Szot Park Fountain

Szot Park is something I’ve always taken for granted.  It’s been here since I moved to Chicopee.  I can see it from my back porch.  But it wasn’t always there.  In a article this information is shared:

Szot Park opened with dedication ceremonies on Oct. 14, 1939. The dedication included the unveiling of a lighted fountain which still stands as a memorial to those who served from Chicopee in World War I.

In his book, “Images of America – Chicopee in the 1940s,” historian Stephen R. Jendrysik wrote of the dedication:

“The damp, cloudy day fit the times, especially for Chicopee’s Polish-Americans, whose homeland had fallen to Adolph Hitler and Josef Stalin in the closing days of September … Events of the day honored heroes of the last war, while the speeches confirmed the looming specter of another war.”

I nodded as I read this.  Because I know it’s true.  I remember reading as Babu wrote: “poor Poland.” in her journal.   I also read these passage in October, 1939:

Tuesday, October 17th, 1939
Woke up with a head ache this morning. So I took an aspirin, which helped later on. Jakey gets me warmed up every morning before we start for work. When Jakey called to take up to the meeting, he informed us he got that extra job and extra pay. (About 3.00 a week.) A good step in the right direction. We went to the new Szot Park to watch the lighting of the fountain.

I wondered at first why this was written on October 17th, not the 14th, but maybe, for whatever reason, they didn’t attended the formal ceremony but instead watched it simply being turned on.

And then there is this cuteness!

Saturday, October 21st, 1939
Tonight Peaches and I went to the movies alone. Saw “Eternally Yours” and “Torpedoed.” After we came out of the theatre it was pouring, so he ran down to get the car. We made a bet about the fountain being on at he park. I was to kiss him by myself ten times if he won and if I did, he would teach me to drive. I won.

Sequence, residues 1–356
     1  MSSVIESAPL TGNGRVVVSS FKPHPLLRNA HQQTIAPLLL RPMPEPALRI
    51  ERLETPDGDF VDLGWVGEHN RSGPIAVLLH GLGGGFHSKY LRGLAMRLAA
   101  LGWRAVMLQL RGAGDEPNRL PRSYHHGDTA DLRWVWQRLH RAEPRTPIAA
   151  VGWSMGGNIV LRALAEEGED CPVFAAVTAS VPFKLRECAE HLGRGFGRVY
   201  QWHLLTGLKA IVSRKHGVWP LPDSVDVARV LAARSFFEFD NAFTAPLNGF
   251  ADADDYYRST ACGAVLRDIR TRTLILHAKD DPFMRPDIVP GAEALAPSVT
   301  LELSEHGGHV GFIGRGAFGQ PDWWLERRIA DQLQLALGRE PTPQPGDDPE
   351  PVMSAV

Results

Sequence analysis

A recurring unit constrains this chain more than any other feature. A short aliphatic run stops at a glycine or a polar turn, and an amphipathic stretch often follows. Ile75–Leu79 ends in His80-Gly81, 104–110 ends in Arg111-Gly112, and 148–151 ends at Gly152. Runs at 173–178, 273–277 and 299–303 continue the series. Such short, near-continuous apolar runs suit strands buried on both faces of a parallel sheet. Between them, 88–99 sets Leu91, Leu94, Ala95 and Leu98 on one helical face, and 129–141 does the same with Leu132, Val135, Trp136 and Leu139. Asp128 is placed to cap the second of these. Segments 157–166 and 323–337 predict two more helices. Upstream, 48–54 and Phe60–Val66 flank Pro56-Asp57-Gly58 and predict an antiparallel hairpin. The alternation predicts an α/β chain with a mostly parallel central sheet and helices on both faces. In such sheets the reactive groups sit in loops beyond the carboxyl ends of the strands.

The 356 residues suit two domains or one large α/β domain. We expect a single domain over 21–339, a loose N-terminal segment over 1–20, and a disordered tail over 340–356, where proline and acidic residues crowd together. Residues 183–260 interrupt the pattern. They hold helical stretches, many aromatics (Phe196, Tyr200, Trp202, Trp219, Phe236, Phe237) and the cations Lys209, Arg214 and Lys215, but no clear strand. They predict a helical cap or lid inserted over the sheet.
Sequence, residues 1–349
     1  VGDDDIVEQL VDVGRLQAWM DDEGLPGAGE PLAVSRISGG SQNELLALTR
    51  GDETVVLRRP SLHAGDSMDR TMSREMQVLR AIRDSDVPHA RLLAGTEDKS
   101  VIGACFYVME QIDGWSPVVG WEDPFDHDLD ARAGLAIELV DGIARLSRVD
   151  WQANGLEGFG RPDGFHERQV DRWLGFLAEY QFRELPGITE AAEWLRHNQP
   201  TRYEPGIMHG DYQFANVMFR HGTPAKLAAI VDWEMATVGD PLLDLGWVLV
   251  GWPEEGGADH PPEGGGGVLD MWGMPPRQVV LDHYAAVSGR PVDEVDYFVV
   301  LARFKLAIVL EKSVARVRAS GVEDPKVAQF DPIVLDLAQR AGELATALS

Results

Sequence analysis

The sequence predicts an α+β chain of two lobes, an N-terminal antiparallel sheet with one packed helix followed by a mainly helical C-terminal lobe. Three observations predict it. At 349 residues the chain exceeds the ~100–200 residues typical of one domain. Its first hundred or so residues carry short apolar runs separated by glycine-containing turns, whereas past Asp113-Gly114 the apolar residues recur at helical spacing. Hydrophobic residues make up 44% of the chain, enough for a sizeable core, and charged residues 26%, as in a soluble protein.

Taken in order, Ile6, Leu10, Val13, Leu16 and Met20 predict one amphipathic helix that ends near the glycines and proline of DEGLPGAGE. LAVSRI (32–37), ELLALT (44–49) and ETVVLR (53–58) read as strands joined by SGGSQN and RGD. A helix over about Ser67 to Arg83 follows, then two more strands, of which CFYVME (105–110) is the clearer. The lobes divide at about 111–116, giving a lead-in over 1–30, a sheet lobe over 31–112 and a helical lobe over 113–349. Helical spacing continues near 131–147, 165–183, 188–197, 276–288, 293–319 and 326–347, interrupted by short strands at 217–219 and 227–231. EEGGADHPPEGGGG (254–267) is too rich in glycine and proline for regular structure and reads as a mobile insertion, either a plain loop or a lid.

I guess it really was something to see.

Sunday, October 22nd, 1939
Zosh, Nat and I sat in church together and talked practically all of the time. My cousins from Holyoke came down and we listened in on how bad their son-in-law is. Nat, Stretch, Zosh, Ed, and Jakey came and we all drove to the State in Hartford to hear and see Phil Spitalny and his all girl orchestra. On the way home we stopped at an Old English Inn and ate and danced. Jakey and I came home and watched the fountain glow till midnight.

What a Halloween night!

This was from  Google book on Chicopee written by Stephen Jendrysik.  He is a local writer I’d like to meet.   I also plan on picking up a copy of this book.

He actually wrote the article written about in this post:  All the Best Intentions

Tuesday, October 31st, 1939
It stilled rained today so we couldn’t have a hotdog roast on Halloween Night. Zosh and Eddie came up and Jakey borrowed some money so we could go to see “Four Feathers” and a cowboy. After watching the fountain, getting something to eat, we brought our friends home and went to our favorite place. Jakey says we ought to have a stall rented.

A stall rented?  Oh my!


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